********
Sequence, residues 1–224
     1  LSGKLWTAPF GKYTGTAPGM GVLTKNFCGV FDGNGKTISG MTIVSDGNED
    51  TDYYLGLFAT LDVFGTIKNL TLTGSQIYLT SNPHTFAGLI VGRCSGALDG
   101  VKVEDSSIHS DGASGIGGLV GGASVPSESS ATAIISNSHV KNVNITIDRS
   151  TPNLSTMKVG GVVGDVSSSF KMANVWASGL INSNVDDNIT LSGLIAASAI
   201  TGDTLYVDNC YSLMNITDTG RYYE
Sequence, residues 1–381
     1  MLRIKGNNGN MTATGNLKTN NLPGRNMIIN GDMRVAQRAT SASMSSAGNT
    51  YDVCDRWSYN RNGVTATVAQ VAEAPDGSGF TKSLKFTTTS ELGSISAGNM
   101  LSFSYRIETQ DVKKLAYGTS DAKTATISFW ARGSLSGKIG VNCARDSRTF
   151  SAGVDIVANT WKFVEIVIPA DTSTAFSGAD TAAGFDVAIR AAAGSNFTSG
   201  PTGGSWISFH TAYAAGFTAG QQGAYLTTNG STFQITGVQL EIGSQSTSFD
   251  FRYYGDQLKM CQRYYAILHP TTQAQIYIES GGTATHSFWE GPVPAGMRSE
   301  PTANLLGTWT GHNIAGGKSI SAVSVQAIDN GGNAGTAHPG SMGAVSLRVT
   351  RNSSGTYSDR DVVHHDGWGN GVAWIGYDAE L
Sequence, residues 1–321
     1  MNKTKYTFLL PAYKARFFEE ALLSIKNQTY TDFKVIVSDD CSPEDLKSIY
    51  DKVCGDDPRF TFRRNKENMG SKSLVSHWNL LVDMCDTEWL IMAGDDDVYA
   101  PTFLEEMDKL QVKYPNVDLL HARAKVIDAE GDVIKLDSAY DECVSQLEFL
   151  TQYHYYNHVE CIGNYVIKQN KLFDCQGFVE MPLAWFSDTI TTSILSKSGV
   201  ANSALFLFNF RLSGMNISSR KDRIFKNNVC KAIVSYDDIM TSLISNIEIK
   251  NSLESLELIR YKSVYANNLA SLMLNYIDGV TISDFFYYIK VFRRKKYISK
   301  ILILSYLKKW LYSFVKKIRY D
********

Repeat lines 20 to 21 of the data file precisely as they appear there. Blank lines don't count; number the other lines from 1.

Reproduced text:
   151  TQYHYYNHVE CIGNYVIKQN KLFDCQGFVE MPLAWFSDTI TTSILSKSGV
   201  ANSALFLFNF RLSGMNISSR KDRIFKNNVC KAIVSYDDIM TSLISNIEIK